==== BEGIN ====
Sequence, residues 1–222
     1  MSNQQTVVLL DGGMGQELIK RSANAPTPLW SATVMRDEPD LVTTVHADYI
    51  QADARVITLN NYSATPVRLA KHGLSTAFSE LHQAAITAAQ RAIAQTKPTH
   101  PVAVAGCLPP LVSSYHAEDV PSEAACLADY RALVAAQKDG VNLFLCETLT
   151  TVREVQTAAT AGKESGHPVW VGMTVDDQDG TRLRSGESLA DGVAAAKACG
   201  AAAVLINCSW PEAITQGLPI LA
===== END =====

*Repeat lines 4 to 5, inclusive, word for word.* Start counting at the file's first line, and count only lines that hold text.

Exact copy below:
   101  PVAVAGCLPP LVSSYHAEDV PSEAACLADY RALVAAQKDG VNLFLCETLT
   151  TVREVQTAAT AGKESGHPVW VGMTVDDQDG TRLRSGESLA DGVAAAKACG